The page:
Rebbe Nachman of Breslov identifies the desire for food and drink as the central desire of the human being, and the one from which other desires emanate. Jewish teachings can help us appreciate the food we eat and eat it in a spirit of holiness. Doing so can also help the environment, as we will explore.
What does it mean to eat in a Jewish way? First of all, we should eat when we are hungry. Rabbi Shlomo Volbe teaches that a person needs to distinguish between eating because of a healthy desire of the body (i.e., eating in order to be healthy), versus eating out of base physical desire. (Of course many people today also eat out of emotional desire.) It is therefore important to clarify, before eating, that what I am eating is for the right reason, rather than out of physical or emotional cravings.
Not only what we eat, and but also how we eat is important. A Jewish way of eating includes eating food slowly and consciously. While it is possible to eat a meal in a few minutes, Jewish teaching cautions against doing so. Rabbi Natan of Breslov states: “Be careful not to swallow your food in a hurry. Eat at a moderate pace, calmly and with the same table manners that you would show if an important guest were present. You should always eat in this manner, even when you are alone.”
Where we eat also matters. In the Talmud, Rabbi Yochanan and Reish Lakish teach that a person’s table has taken the place of the Temple of ancient times in atoning for that person. One understanding of their statement is that when a person eats in holiness at their own table, they have made proper use of their table in a way parallel to the altar of the Temple (Chagigah 27a). This underscores the significance in Jewish thought of eating at a table, and not while standing or walking. Today some of our eating takes place at a desk or even in a car! We will eat more healthfully and with more holiness if we take wholesome meals at a table.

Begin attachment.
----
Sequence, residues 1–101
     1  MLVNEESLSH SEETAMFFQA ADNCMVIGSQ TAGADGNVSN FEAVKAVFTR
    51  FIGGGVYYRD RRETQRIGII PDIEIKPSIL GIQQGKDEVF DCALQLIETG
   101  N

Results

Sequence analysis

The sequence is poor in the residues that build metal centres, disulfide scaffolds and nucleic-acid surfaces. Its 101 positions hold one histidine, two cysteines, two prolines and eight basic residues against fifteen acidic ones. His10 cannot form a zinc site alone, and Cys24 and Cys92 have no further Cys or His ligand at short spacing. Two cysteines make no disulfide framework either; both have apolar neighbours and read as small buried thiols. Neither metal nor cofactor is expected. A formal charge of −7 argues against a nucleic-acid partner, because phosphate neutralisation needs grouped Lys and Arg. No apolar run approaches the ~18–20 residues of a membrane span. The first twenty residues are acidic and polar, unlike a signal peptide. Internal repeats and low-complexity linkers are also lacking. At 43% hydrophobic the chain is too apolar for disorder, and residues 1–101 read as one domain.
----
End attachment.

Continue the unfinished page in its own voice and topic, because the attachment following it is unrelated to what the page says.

Finally, the act of eating with others–and sharing not only food, but also Jewish wisdom–bestows upon the meal an aura of sanctity, and elevates eating to a holy act. In Pirkei Avot (Ethics of the Fathers 3:4) we learn that Rabbi Shimon would say: Three who eat at one table and speak words of Torah, it is as if they have eaten at God’s table… A shared opportunity for blessing before and after one eats also serves to connect the act of eating to a higher purpose. These practices elevate our bodily needs and can help transform our eating to become an act of holiness and devotion.